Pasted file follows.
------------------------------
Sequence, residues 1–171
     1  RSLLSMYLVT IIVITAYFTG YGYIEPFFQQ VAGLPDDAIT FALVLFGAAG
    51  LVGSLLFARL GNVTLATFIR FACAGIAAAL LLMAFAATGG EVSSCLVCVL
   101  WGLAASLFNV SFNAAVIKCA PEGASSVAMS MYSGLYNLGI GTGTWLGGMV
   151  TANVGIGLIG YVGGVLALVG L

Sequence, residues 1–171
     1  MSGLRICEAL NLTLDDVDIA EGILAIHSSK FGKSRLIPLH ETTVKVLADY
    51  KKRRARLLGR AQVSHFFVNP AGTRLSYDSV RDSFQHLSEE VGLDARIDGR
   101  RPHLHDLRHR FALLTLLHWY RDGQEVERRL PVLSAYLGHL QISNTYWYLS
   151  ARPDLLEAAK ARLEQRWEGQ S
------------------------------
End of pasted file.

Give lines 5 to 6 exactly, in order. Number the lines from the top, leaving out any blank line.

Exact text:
   151  TANVGIGLIG YVGGVLALVG L

Sequence, residues 1–171